The Dennes Room

Event Detail

Tue Dec 6, 2016
4–6 PM
Graduate Research Colloquium
Quinn Gibson
Self-deception in and out of Illness: Are some subjects responsible for their delusions?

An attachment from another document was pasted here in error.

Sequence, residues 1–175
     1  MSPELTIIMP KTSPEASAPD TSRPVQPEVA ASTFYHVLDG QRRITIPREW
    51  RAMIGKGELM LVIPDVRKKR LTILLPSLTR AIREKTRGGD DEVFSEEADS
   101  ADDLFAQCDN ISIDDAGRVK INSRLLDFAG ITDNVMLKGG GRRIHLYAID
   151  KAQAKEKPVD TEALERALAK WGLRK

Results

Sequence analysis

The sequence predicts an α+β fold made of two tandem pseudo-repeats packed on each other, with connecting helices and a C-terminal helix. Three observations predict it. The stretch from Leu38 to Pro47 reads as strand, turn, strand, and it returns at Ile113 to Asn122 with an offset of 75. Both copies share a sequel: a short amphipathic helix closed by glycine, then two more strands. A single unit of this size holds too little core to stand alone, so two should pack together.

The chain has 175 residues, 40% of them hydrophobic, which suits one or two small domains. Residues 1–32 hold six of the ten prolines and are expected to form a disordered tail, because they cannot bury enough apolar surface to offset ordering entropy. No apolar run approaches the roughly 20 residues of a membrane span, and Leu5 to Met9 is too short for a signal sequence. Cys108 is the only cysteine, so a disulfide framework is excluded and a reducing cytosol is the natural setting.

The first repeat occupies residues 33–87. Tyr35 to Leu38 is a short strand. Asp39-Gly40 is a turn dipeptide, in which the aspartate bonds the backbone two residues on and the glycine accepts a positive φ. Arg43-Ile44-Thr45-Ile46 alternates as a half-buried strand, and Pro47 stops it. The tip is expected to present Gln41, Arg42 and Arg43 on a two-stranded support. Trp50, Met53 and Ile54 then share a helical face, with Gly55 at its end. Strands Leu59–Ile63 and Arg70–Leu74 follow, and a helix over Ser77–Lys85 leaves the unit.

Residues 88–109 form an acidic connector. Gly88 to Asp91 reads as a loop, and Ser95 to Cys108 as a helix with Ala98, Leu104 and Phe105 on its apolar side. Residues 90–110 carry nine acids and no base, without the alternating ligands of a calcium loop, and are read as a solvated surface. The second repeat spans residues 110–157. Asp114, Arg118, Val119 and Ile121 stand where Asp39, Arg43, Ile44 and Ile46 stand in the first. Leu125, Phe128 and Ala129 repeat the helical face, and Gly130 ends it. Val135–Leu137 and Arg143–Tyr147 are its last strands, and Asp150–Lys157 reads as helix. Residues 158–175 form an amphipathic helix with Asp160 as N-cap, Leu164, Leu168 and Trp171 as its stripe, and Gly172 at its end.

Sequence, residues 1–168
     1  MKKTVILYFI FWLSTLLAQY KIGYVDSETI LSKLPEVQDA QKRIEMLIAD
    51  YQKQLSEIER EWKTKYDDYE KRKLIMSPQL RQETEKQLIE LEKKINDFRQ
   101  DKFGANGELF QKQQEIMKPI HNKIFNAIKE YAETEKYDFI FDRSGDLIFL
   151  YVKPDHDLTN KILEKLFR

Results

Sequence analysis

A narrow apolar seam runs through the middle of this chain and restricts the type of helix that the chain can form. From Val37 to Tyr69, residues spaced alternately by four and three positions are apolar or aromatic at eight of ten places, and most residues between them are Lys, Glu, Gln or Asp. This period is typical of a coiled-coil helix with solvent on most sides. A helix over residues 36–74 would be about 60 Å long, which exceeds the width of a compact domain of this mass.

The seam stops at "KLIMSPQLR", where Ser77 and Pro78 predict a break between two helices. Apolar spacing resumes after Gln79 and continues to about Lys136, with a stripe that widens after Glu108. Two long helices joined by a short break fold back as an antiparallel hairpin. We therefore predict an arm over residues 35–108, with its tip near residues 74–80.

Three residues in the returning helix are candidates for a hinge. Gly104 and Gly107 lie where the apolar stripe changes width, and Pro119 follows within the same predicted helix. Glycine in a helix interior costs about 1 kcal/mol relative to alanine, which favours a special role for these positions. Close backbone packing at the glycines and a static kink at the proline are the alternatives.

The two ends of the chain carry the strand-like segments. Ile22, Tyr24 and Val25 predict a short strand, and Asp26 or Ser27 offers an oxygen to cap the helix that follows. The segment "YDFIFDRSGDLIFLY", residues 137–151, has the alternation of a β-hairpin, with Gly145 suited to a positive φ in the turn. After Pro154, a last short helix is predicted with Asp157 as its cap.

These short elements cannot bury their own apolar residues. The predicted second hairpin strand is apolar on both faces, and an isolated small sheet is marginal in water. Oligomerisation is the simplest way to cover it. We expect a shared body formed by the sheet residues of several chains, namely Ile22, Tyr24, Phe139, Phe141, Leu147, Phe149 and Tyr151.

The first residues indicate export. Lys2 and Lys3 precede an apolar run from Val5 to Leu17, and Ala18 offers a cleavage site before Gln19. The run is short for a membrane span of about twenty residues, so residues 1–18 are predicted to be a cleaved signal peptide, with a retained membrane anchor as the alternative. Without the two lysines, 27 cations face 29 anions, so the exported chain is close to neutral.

In this talk I intend to ask a slightly uncomfortable question: Are some delusional subjects responsible for their delusions? This question is uncomfortable because we typically think that the answer is pretty clearly just ’no’. On the other hand, we also accept that self-deception is paradigmatically intentional behaviour for which the self-deceiver is prima facie blameworthy. And it also seems that there is significant overlap between the process of self-deception and processes leading to the formation and maintenance of delusional beliefs. Is this overlap significant enough to ground the claim that some delusional subjects are self-deceived? Does this mean they are responsible for their delusions? It is somewhat of an open question how extensive the overlap is between ordinary self-deception and delusion because philosophical debate over the correct analysis of self-deception is ongoing. So, I offer my own analysis of self-deception and ask whether it is plausible to understand the formation and/or maintenance of at least some delusions in terms of that account. I conclude that it is, but armed with some distinctions I wish to make between different kinds of responsibility (e.g. what I will call ’attributability’ vs. blameworthiness) this leads us not to the conclusion that delusional subjects should be blamed, but rather to a more nuanced understanding of the ways in which they are likely excused.